14 Predation 2010

1) Predators have adaptations for capturing their prey.
2) Prey have adaptations for escaping their predators.
3) Predators influence the distribution and population size of prey (top-down control).
4) A change in prey density changes catch rate by individual predator (3 types of
functional responses).
5) A change in prey density changes predator population size by growth or immigration.
6) Predator and prey populations often increase and decrease in regular cycles.
7) Predator cycle lags behind cycle of prey.
8) Several factors act as stabilizing forces that reduce cycles.
9) Prey can persist in presence of predator if have refuge or exist in spatially complex
I. Predator adaptations to capture prey
II. Prey deterrents to predation
Group living and early detection of predator
Induced structural defense
Chemical defense (active warfare) 14.5
Cryptic coloration (crypsis) 17.2
Aposematism (warning coloration) by toxic prey 17.3
III.Evidence that predators control prey abundance (impose ‘top-down’ control) 15.3
ICA 1,2,3
Human harvests of predator and prey (marine system) 18-19; 1.15
Removal experiments; e.g. insecticide experiments 15.3
Introduction (invasions) of predators
Islands with and without predators
If predators remove the strongest competitor among prey species 
decrease in species number of prey when predator removed
IV. Functional response of individual predator 15.21 ICA 4
Change in prey density changes rate of prey capture by individual predator
Type I: Capture directly proportional (linear) to prey density
Type II: Capture levels off at high prey density (predator satiation)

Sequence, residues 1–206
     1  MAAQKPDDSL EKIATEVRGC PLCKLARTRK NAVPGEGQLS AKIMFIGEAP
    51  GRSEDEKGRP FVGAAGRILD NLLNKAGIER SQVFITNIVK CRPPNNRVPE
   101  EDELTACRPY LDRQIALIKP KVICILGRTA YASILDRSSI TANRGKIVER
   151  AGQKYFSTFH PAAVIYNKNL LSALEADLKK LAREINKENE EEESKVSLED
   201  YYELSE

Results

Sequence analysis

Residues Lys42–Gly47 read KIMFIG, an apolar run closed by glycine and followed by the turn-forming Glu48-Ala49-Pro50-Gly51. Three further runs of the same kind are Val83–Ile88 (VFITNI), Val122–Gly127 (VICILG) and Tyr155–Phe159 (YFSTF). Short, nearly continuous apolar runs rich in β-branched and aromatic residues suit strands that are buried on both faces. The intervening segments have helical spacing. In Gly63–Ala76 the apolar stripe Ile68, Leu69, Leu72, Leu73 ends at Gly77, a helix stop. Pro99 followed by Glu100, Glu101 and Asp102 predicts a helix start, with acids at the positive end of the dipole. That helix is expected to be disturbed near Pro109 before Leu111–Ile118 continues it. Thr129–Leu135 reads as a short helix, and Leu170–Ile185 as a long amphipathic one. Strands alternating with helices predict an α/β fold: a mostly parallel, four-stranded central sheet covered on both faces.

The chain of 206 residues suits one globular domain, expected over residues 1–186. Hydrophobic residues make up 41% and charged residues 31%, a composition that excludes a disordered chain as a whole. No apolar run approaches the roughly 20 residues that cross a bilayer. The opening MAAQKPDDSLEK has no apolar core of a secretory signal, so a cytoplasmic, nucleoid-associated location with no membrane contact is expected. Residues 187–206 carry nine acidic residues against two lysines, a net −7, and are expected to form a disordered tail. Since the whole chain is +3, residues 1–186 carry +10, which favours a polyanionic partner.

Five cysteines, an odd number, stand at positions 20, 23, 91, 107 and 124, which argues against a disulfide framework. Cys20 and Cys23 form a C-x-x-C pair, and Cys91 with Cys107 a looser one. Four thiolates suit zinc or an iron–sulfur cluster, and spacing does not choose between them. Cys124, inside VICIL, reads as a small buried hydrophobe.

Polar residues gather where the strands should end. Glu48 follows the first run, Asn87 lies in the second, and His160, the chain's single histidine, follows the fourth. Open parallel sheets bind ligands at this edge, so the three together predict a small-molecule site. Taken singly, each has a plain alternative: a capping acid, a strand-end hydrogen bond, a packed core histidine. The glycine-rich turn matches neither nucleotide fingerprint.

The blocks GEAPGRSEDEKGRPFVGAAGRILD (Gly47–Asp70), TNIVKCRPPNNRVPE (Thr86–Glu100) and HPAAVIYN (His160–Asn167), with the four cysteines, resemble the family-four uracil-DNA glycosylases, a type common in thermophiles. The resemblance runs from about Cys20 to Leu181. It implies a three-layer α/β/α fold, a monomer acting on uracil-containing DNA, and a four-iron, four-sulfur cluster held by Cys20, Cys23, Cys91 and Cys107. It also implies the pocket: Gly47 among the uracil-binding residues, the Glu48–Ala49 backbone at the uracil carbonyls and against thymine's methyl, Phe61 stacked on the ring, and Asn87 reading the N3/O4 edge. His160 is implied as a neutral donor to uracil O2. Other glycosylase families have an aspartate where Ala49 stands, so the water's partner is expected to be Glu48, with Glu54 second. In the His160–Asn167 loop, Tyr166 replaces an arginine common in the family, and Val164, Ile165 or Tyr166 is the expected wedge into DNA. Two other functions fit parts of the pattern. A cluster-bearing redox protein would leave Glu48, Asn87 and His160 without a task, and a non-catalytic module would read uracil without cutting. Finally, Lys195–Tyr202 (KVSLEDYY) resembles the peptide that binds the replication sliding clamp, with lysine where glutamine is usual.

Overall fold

Type III: as in Type II, but also low at low prey density because:
Heterogeneous habitat hiding places
Lack of learned search behavior
Switch to alternative prey
V. Numerical response of predator population to prey density 15.22, 15.23 ICA 5,6,7,
Predator response is in population size via population growth or immigration
Cycles out of phase: predator lags behind prey population
VI. Populations of predator/prey fluctuate for many reasons; many without cycles
Abiotic factors
Biotic factors
Some predator-prey populations increase and decrease in synchronized cycles 15.2
Predators lag prey ICA 8
VII. What controls cyles?
A. Stabilizing forces that reduce oscillations 15.7
Predator inefficiency
D-D limitation of either predator or prey
Alternative food sources for predator
Refuges from predation at low prey densities
Reduced time delays in predator responses to changes in prey abundance
B. Time delays destabilize and push toward cycles
Development period and time to reproduce
Time required for numerical response by predator
Time for immune response and induced response
C. If destabilizing forces outweigh stabilizing forces  cycles
Development of host immunity influences pathogen population cycles 15.9
Habitat structure can affect population cycles (e.g. edges of fragments) 15.10
VIIILaboratory studies of predator-prey populations
A. Gause: Paramecium (prey) and Didinium (predator) p. 309
Refuge for prey needed to maintain prey
Regular immigration can yield stable cycles
B. Huffaker: oranges (habitats) and predator mite and prey mite 15.11, 15.12
ICA 9, 10, 11
Oranges clumped extinction
Oranges random  predators slow to find prey  survive longer
Spatial heterogeneity in habitats brings stability to cycles
Need complex environment for prey to hide; reduces ease of predator dispersal
Summary 1-5, 10-13